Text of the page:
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Helping a friend

#1
Hello everyone!
A very close friend of mine has mental health issues (most likely anxiety or/and panic attack disorder). However, because of the anxiety, she is afraid to tell anyone besides me. I have some second hand experience with anxiety and panic attacks, and I read about them a lot in literature. However, there is only so much I can do...

Do you have any ideas how I might be able to get her to seek a professional help, if she doesn't trust anyone?

I talked about it with her and she acknowledged that might have a serious issue and should seek a doctor. She keeps saying that it is enough for her to have my help. It's not been very long since her panic attacks started to be serious, but she's had some kind of anxiety for a very long time, it just got worse in the last few weeks/months.
 

Luoma

Need someone to talk to? I'm here!
SF Supporter
#2
Have you told her that she needs to see a therapist as soon as possible? By explaining that therapists are there to help her and that she can open up to them knowing they sign a form of confidentiality she might be more willing to go in there and talk. And who knows? She might actually want to speak to someone new so that she doesn't have to worry about what they think. Therapists tend to be rather relieving to those with trust issues because it's like they can finally just let things out. But, she might be different.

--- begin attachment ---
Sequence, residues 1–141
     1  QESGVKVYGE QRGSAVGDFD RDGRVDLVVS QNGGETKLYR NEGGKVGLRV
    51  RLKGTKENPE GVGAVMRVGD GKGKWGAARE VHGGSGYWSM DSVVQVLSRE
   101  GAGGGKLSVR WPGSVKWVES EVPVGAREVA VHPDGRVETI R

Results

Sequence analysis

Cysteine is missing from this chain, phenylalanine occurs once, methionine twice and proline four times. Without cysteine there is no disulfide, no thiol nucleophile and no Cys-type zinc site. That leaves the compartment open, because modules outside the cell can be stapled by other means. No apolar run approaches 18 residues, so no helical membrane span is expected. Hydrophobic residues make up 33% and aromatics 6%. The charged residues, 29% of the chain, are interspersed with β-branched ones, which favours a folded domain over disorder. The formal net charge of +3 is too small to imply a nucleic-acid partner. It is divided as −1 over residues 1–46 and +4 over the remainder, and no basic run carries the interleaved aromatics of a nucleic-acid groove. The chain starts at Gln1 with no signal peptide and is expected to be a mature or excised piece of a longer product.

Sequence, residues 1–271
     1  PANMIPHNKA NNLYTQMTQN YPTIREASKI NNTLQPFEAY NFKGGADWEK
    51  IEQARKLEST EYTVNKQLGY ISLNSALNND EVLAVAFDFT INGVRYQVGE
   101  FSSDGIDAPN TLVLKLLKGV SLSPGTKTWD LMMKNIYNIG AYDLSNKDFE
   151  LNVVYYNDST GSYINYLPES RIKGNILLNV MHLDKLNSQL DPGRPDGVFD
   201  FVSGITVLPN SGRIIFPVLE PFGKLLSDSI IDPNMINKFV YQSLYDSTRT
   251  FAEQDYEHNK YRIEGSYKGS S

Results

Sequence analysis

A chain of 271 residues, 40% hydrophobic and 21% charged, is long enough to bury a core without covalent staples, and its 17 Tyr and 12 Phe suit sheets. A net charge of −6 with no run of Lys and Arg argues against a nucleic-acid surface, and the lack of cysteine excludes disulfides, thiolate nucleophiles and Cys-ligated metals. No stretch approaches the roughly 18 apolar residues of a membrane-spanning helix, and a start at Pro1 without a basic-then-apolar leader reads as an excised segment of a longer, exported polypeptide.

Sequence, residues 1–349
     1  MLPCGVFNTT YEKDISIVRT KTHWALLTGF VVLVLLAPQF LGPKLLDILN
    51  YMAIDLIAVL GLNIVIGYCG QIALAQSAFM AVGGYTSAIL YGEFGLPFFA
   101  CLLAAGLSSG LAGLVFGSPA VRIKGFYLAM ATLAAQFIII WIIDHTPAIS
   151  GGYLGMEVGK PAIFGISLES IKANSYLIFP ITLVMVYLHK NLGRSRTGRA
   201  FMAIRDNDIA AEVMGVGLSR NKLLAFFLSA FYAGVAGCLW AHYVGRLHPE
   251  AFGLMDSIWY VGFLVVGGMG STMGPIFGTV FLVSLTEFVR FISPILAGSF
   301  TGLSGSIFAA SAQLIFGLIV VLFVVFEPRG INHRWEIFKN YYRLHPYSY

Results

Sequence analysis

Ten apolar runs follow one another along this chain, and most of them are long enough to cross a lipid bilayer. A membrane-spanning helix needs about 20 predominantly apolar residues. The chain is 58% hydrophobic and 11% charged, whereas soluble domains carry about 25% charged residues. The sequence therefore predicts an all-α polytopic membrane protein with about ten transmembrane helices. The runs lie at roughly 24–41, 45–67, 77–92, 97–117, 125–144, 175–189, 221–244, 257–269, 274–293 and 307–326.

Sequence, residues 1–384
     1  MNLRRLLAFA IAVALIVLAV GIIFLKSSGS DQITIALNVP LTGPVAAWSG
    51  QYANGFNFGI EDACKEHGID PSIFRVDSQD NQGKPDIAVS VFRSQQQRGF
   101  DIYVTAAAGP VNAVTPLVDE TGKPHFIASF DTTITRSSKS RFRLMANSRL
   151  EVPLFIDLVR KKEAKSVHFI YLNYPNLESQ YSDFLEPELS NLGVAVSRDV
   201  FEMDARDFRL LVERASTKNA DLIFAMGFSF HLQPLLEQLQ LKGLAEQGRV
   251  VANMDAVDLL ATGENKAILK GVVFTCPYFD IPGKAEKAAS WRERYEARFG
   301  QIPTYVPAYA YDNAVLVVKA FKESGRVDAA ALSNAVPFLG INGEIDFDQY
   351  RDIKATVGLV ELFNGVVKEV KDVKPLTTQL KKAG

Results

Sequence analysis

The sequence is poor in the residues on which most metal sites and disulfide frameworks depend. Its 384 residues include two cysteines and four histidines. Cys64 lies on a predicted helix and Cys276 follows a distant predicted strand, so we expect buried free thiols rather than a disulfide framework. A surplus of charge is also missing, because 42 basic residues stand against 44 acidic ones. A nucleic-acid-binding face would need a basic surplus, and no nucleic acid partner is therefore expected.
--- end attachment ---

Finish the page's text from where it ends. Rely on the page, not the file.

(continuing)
Could you perhaps go in with her during the first few sessions? She might be more calm then and during consequent therapy sessions she will be able to open up on her own. I hope she can get the help she needs!
 

yozhik

Well-Known Member
#3
Yeah it's not really fair to put you in the position of a professional. How do you think she would feel about maybe opening up first on an anonymous online forum and potentially hearing about people with issues similar to hers who are in therapy? I'm sure one exists; lots of people have anxiety of varying severity. I know I have serious trust issues and sometimes I frustrate my therapist because I just stare and give sarcastic answers when I'm uncomfortable. But they can't make you say/reveal anything that you don't want to. If they ask a q you don't like you can say you're not ready to talk about it (or you could just stare at a wall like I do but option 1 is prbly better). It's not overly efficient, but as long as you go in willing to share something it's better than nothing and theoretically you build a working relationship. But yeah I think it might be helpful to talk to someone with trust issues in therapy. I'd talk to her idk if that would be weird but whatever. Just throwing it out there; don't feel obligated to respond. While I 150% understand that therapy is unappealing, it seems sad to suffer so much when it's a problem with a treatment.
 

Luoma

Need someone to talk to? I'm here!
SF Supporter
#4
I'm not sure! I have anxiety myself and I find it very easy to open up to people online, hence why I'm on SF. it's very relieving! So I'd also say suggest that, but to be totally honest, I think we both know that nothing compares to in-person therapy treatments.